Hanukkah is the Jewish Festival commemorating the rededication of the Second temple in Jerusalem at the time of the Maccabean Revolt against the Seleucid Empire. (Also called the Syrian Greek Empire) It is also known as the Festival of Lights…Wikipedia.

This year, 2020, it begins on December 10. It is an eight-day holiday that is celebrated by special foods, gifts and lighting the candles on a Menorah. Like winter holidays in many other religions, Hanukkah emphasizes light during the darkest part of the year. The main components of the celebration are spinning a top called a dreidel in a game of chance, eating fried foods that symbolize the oil in the story and the nightly lighting of the candles in the menorah.

It is a minor holiday in Jewish life, but has become enormously popular. “It celebrated victorious underdogs, and fits the “they tried to kill us/we won/let’s eat” rubric that animates Jewish holidays like Passover and Purim.”

“Hanukkah now takes its place alongside Christmas as part of a religiously pluralistic holiday. Kwanzaa and the Winter Solstice chime in as well to round out a shared civic sense of winter celebration.” It is a time when more Americans than ever before have Christmas and Hanukkah in their life in some way, either due to their own interfaith families or via relatives or friends. “We should keep in mind the historical significance… that we live in a time in which Americans celebrating either or both holidays have come to find it so normal to participate in aspects of both. We have a lot to be thankful for, given the difficult histories Jews and Christians have had for centuries before this time of unprecedented pluralism and acceptance.”

One important aspect of Hanukkah is the story of ancient Jews fighting for their right to worship freely against an empire that sought to impose its own religious beliefs upon them. The traditional story of Hanukkah (which means dedication) is that once the Maccabees had restored the Temple and re-purified it, they sought to relight a lamp known as the “eternal flame”. “But only one day’s worth of consecrated olive oil could be found, and it would be awhile before more could be produced. No one wanted to light the eternal flame only to see it sputter out after a day, but there was a deep spiritual desire to rekindle the sacred lamp immediately. The priests decided to light it and hope for the best. Miraculously, it burned for eight days until fresh jars of olive oil were finally brought to keep the flame alive. Hence, the eight nights of candle lighting for Hanukkah.”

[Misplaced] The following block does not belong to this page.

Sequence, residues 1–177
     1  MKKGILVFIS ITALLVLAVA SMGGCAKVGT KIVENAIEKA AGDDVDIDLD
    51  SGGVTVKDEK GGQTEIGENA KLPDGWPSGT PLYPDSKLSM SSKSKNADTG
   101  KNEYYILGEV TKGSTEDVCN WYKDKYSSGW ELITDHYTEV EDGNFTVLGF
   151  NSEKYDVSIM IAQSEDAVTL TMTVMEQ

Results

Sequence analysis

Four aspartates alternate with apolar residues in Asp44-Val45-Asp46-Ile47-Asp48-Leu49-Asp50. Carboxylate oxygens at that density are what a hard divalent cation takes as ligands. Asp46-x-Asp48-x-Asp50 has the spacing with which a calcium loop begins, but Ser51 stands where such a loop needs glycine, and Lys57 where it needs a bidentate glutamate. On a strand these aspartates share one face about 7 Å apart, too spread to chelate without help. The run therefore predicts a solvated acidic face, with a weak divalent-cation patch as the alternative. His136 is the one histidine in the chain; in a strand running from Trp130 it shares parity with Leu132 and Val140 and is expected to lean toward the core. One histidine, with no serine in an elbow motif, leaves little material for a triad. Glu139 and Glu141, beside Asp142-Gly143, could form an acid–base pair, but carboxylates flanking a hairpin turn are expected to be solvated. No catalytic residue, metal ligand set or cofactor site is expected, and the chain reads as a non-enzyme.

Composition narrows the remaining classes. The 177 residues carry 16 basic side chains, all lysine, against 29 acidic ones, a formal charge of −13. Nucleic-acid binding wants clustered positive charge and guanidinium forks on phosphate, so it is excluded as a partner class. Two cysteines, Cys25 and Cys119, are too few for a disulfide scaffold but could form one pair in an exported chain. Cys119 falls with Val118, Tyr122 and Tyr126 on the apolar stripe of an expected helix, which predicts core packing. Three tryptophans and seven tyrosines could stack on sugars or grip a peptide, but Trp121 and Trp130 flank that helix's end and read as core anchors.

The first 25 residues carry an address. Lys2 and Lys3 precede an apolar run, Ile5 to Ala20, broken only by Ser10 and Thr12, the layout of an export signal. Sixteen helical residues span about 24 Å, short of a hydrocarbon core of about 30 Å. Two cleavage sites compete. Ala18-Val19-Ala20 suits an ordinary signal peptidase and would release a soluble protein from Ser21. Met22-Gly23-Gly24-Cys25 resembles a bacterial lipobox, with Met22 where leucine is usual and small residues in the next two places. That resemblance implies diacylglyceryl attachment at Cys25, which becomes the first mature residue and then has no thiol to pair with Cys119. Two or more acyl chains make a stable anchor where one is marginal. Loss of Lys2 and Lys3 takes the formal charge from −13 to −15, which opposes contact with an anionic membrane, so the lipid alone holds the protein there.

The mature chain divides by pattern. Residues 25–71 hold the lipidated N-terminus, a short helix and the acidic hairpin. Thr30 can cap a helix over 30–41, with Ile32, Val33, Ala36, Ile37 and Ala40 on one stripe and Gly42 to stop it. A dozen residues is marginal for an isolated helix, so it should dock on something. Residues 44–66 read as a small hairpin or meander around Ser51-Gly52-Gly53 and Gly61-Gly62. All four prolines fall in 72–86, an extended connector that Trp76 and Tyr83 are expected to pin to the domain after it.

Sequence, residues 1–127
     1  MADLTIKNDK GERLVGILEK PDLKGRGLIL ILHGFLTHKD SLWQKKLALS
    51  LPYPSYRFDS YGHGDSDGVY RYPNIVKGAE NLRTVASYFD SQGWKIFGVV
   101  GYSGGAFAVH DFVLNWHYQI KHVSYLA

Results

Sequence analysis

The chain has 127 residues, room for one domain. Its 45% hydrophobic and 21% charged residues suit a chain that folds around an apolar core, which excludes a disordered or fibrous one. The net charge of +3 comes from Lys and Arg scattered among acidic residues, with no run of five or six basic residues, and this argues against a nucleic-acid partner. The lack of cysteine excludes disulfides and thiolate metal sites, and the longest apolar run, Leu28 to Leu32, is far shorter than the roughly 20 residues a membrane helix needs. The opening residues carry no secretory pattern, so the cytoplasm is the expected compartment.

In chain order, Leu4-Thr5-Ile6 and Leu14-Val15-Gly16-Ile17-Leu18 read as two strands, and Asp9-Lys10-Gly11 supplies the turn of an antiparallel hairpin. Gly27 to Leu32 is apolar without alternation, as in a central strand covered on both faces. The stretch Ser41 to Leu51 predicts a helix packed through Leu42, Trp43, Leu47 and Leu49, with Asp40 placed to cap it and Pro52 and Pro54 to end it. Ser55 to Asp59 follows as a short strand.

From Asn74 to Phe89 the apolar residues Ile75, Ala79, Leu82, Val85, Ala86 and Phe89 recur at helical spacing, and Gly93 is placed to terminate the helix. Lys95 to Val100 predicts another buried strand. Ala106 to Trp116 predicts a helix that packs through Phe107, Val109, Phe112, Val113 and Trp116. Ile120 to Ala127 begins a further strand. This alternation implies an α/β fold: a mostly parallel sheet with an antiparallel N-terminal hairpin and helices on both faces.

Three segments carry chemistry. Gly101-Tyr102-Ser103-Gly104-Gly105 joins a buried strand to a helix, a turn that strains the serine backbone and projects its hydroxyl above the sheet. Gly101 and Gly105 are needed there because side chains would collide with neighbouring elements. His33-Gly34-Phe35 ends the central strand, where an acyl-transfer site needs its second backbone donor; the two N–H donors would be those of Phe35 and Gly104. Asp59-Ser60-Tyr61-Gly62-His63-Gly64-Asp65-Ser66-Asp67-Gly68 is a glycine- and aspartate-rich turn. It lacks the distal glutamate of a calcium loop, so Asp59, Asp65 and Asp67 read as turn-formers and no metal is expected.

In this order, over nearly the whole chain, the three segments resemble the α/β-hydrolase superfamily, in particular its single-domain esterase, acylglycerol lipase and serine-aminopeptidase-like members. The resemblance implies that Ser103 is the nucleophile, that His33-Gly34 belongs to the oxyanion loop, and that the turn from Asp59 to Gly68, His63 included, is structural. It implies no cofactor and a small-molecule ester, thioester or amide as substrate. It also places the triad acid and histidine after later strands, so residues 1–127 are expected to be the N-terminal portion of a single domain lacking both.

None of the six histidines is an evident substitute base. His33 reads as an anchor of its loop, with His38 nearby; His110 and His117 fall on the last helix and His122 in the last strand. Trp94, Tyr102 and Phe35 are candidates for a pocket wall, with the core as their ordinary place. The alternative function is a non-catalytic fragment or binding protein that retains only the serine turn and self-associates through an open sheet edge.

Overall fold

(Above information taken from 18 Doors.org & “Guide to Hanukkah for Interfaith Families”)

My own extended family is a hodge-podge of religious denominations. There are Jews, Episcopalians, Catholics, Presbyterians, Methodists and Baptists. Each relative brings an interesting perspective and set of beliefs to the table, along with delicious traditional foods.

In an earlier blog I mentioned my grandmother, Momo’s, Christmas cookies as being a holiday favorite. Right up there with those delicious cookies are my cousin’s potato latkes with caramelized onion sour cream and/or apple sauce. It is said that between Thanksgiving and the New Year’s Day, many people gain between 5-15 pounds. With the amazing variety of holiday food from which to choose, is it any wonder?

Throughout the holiday season, Darcy and Danielle from Despicable Lies and Second Chances, have managed to enjoy the festivities and to keep their “girlish figures”. I wish the same could be said about me. (Think WW, Jenny Craig, Keto, South Beach or Nutra Systems soon)

Good food, Good times and Happy Hanukkah everyone.

Until my next inspiration…ciao.


Menorah Photo by Element5 Digital on Unsplash

1 comment

  • Sally Reich

    Happy Holidays to you and all your family. Looking forward to 2021 to read more of your wonderful books

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